It gets hilarious. Sangarika somehow thinks that the book is actually meant to expose the Sena guys who wanted Kasab to be executed without trial and those who refused to sell a house to Hashmi. Nothing can distract her once she has her heart set on something. Had she interviewed a Bada-pav wala from Colaba, her questions would not have been any different or any more irrelevant. She is consistently poor quality.

Next questions and answers run like this.

Sagarika Ghose: So the idea is to bring them (Those who stood silent behind the Gujarat killers)into the public debate?

Amartya Sen: Challenge them, not bring them into the debate. The word I use is public reasoning. I am not assuming that the public is reasonable.

Sagarika Ghose: But who will reason on behalf of the public?

Amartya Sen: We have to reason. You may have a strong belief that there is an active God who is all the time present and that you can leave it in higher hands. But the truth is that there is no higher authority than us. So if you have to make a change, we have to make it ourselves.

Got it? Once you get a Nobel you think you are God. How does Amartya sen be so sure that he is right? That what he suggests will not harm the society more?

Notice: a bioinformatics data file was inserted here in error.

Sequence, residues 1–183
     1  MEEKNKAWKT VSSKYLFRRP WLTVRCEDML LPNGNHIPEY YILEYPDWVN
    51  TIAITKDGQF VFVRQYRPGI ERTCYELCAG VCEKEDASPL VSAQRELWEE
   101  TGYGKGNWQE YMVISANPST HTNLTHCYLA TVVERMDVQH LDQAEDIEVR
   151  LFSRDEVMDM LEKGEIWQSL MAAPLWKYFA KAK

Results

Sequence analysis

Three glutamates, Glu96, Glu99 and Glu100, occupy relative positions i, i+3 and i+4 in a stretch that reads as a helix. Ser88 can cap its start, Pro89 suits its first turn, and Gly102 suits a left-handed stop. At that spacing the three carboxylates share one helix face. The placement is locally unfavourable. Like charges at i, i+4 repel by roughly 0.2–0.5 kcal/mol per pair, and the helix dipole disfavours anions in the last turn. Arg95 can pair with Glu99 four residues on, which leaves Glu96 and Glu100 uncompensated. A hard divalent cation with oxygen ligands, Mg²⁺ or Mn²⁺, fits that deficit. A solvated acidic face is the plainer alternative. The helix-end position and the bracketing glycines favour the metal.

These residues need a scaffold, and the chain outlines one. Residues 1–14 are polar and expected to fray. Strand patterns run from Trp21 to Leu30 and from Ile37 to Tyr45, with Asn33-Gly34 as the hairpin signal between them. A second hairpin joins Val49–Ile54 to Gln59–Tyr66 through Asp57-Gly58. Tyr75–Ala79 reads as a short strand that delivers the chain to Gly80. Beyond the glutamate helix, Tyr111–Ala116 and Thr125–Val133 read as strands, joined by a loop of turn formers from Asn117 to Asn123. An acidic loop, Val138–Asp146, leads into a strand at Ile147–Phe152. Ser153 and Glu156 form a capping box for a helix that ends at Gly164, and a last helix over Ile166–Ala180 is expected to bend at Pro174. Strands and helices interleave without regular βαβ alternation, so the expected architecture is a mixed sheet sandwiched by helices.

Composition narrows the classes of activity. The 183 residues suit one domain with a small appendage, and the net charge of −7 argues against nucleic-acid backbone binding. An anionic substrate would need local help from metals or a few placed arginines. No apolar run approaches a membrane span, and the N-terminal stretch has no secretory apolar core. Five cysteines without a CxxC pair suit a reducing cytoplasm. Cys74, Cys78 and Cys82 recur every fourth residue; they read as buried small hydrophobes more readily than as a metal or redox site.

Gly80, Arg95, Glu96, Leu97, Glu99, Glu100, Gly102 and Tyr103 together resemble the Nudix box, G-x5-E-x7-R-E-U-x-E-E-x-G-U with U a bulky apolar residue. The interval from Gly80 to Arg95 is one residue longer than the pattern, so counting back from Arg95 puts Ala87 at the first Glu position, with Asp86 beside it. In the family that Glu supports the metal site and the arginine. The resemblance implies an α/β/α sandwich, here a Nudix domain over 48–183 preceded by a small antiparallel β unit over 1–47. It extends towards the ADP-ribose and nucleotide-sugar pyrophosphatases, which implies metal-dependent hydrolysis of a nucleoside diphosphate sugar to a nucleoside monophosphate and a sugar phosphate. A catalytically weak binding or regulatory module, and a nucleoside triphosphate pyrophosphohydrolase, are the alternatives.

Has he read 'Shantaram'? Ever contemplated that most that we start with great good intention often deliver the opposite? Does he think that all things are completely knowable and the future controllable. A guy from science will not be able to show this kind of confidence about a possible outcome that has not been tested.

Is he really serious that the justice delivery system based on "public reasoning" will be through people like him and SG? Is this a sugar coated anarchy? God save me from these intellectuals who do not know their elbows from their ass.

Amartya sen talks bird poop, really. He goes on to say, "But I have not met any naxalite in my life and therefore to say that they will not listen to any amount of reasoning is not right either. "

This is the crux of his argument. Since he does not know any naxalite he is not sure if the naxalites will not listen to his kind of "reasoning". Does his ignorance prove that naxalites would listen to "public reasoning"? Amartya has deliberately chosen a Naxal example but not a Islamic terrorist. He would have had to tread a mine field which would have woken him up from his day dream.

What if his assumption is wrong? Sheesh, are you really sure this guy got a Nobel?

Then Sangarka crowns the show with a statement she could still have used in an interview with Bada-pav wala. It goes like this. "Secularism is a continuous dialog". What prompted her to say this cliche was Amartya's usage of the words 'secularism' and ' dialog' in one sentence.

Then the stars of vaudeville obviously were not in tune with each other.

Sagarika Ghose: So you are not saying talk to the enemy, do not lock him up.

Amartya Sen: No, I am not saying that.

Sagarika Ghose: But that's the kind of message I am getting from your book.

Amartya Sen: Are you sure you are not reading a different book?

This is Sangarika Ghosh for you. An incorrigible idiot who cannot be redeemed. I do not understand why she gets into, what she considers an "intellectual dialog" when she is only a bimbo. Can someone tell her that?

Who will weed out inefficiency in Press? Can these people be sued for intellectual fraud? She may escape by pleading that she has nothing intellectual about her, which is true.